In addition to the J.D., the law school offers the LL.M. and LL.M. in Health Law and the LL.M. for Foreign Lawyers. Students may take relevant courses in other programs and apply credit toward the J.D.; a maximum of 6 credits may be applied. The following joint degrees may be earned: (Others are available through the graduate school.), J.D./ Ph.D (Juris Doctor/ Ph.D. in health core ethics), J.D./M.A. (Juris Doctor/Master of Arts in public administration), J.D./M.A. (Juris Doctor/Master of Arts in urban affairs), J.D./M.B.A. (Juris Doctor/Master of Business Administration), J.D./M.H.A. (Juris Doctor/Master of Health Care Administration), and J.D./M.P.H. (Juris Doctor/Master of Public Health).
The School of Law offers concentrations in corporate law, criminal law, environmental law, international law, labor law, litigation, tax law, and health law. In addition, clinical training includes the Civil Clinic, and Criminal Clinic, and Judicial Process Clinic. An average of 10 seminars are offered each semester. Internships are available through clinical programs. Special lecture series include the Melvin Dubinsky Visiting Lecture, the Richard Childress Memorial Lecture Series, the Terence K. McCormack Memorial Lecture, the Sanford Sarasohn Memorial Lecture, and the James Millstone Lecture. Summer study abroad is available in Brussels, Belgium, in Bochum, Germany, and in Madrid, Spain. All students are offered an academic support adviser, and have access to the Office of Academic Support. The Summer Institute includes students with some educational disadvantage such as students with English as a second language or those with a learning disability. There is also a Minority Clerkship Program. Special interest group programs include the William C. Wefel Center for Employment Law, the Center for Health Law Studies, and the Center for International and Comparative Law. The most widely taken electives are Health Law, Employment Law/Business, and International Law.
To earn the J.D., candidates must complete 91 total credits, of which 37 are for required courses. They must maintain a minimum GPA of 2.0 in the required courses. The following first-year courses are required of all students: Civil Procedure I and II, Constitutional Law I, Contracts I and II, Criminal Law, Legal Research and Writing I and II, Property, and Torts. Required upper-level courses consist of a humanistic requirement, a seminar, and Legal Profession (Professional Ethics). The required orientation program for first-year students is 2 days.
In order to graduate, candidates must have a GPA of 2.0.
In the fall 2007 first-year class, 2149 applied, 1082 were accepted, and 332 enrolled. Five transfers enrolled. The median LSAT percentile of the most recent first-year class was 68; the median GPA was 3.5 on a scale of 4.0. The lowest LSAT percentile accepted was 17; the highest was 99.
Applicants must have a bachelor’s degree and take the LSAT. The most important admission factors include LSAT results, GPA and a personal statement. No specific undergraduate courses are required. Candidates are not interviewed.
The application deadline for fall entry is March 1. Applicants should submit an application form, LSAT results, transcripts, TOEFL where applicable, a nonrefundable application fee of $50, and 2 letters of recommendation. Accepted students must pay a $150 deposit to reserve a place and a $300 final deposit to confirm attendance. Notification of the admissions decision is on a rolling basis. The latest acceptable LSAT test date for fall entry is February. The law school uses the LSDAS.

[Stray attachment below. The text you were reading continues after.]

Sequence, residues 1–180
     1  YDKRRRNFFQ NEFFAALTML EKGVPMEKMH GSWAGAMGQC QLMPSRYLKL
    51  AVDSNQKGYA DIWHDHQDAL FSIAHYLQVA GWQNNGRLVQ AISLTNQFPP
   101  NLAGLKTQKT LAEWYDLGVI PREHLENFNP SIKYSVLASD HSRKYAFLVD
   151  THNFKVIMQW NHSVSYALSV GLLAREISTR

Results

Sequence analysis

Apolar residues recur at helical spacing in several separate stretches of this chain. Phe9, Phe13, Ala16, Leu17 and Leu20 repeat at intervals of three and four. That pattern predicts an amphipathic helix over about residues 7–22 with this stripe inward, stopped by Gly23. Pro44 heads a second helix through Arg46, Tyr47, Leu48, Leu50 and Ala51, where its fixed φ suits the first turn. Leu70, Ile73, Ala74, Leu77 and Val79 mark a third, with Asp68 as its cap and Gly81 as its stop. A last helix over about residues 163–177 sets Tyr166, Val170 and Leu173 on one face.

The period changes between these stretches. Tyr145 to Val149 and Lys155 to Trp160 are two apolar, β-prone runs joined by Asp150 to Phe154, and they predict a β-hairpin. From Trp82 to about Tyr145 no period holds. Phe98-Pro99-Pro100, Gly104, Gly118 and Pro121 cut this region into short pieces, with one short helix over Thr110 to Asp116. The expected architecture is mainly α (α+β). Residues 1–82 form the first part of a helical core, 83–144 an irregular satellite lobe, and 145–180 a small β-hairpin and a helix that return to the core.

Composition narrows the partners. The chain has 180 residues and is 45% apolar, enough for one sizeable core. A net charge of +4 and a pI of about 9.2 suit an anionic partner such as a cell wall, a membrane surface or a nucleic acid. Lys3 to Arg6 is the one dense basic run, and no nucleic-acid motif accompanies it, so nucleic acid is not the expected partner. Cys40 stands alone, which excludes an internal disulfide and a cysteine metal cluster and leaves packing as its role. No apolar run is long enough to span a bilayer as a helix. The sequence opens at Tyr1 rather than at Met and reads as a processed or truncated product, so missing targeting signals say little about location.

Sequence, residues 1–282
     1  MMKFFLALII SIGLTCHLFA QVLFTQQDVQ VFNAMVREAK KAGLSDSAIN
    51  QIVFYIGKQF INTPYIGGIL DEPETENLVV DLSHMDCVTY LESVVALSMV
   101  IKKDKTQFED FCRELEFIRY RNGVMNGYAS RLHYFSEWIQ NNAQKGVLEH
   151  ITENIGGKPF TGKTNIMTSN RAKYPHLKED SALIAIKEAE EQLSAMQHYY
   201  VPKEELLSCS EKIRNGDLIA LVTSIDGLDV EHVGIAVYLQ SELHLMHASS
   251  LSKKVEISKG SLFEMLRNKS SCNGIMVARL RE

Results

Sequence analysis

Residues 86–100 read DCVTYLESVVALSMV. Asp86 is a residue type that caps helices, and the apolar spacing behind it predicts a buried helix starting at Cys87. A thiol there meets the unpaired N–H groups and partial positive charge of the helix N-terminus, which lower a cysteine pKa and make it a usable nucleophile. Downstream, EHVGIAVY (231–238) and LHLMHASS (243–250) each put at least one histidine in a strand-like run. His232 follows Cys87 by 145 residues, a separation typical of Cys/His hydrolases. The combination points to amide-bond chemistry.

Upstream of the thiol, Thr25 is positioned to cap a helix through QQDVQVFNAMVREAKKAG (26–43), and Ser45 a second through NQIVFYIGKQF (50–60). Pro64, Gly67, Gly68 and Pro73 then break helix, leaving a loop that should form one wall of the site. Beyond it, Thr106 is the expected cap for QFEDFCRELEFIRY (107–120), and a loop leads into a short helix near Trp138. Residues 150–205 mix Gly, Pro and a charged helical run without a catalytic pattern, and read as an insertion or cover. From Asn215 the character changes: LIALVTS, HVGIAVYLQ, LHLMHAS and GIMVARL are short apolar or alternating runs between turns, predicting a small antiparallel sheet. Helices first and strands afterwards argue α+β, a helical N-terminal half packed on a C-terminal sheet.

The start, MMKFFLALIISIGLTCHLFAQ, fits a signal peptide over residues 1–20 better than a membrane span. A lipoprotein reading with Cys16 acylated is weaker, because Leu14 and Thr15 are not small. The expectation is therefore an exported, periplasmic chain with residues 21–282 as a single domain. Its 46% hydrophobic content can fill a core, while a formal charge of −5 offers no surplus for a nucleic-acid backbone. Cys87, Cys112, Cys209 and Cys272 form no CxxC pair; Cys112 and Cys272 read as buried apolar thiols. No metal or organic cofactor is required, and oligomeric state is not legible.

About 93% of current law students receive some form of aid. The maximum annual amount of aid from all sources combined, including scholarships, loans, and work contracts, is $50,790. Awards are based on need and merit. Required financial statements are the FAFSA and Financial Aid Award Letter. The aid application deadline for fall entry is March 1. Special funds for minority or disadvantaged students include scholarships and grants up to full tuition. First-year students are notified about their financial aid application at time of acceptance.
About 50% of the student body are women; 14%, minorities; 6%, African American; 5%, Asian American; 2%, Hispanic; and 1%, Native American. The majority of students come from the Midwest (69%). The average age of entering students is 25; age range is 20 to 55. About 50% of students enter directly from undergraduate school and 50% have worked full-time prior to entering law school. About 5% drop out after the first year for academic or personal reasons; 87% remain to receive a law degree.
Students edit the Saint Louis University Law Journal, Public Law Review, and Journal of Health Law. Students may participate in the Jessup International Moot Court Program, National Health Law Moot Court Competition, and Intellectual Property Moot Court Competitions. Other competitions include the Client Counseling Competition. Law student organizations, local chapters of national associations, and campus organizations include Public Interest Law Group, Black Law Students Association, Latin American Law Students Association, Phi Alpha Delta, Delta Theta Phi, Phi Delta Phi, and ABA-Student Division.
The law school operates on a traditional semester basis. Courses for full-time students are offered both day and evening and must be completed within 3 years. For part-time students, courses are offered both day and evening and must be completed within 5 years (4-year plan includes summer). New full- and part-time students are admitted in the fall. There is an 8-week summer session. Transferable summer courses are offered.
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